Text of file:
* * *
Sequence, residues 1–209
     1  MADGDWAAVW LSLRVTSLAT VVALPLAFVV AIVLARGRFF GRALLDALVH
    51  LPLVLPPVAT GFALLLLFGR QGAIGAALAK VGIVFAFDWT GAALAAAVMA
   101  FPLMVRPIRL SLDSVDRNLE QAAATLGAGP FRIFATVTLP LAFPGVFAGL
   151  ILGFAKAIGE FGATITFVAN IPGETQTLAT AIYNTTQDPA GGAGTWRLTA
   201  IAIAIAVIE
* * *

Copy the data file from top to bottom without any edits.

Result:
Sequence, residues 1–209
     1  MADGDWAAVW LSLRVTSLAT VVALPLAFVV AIVLARGRFF GRALLDALVH
    51  LPLVLPPVAT GFALLLLFGR QGAIGAALAK VGIVFAFDWT GAALAAAVMA
   101  FPLMVRPIRL SLDSVDRNLE QAAATLGAGP FRIFATVTLP LAFPGVFAGL
   151  ILGFAKAIGE FGATITFVAN IPGETQTLAT AIYNTTQDPA GGAGTWRLTA
   201  IAIAIAVIE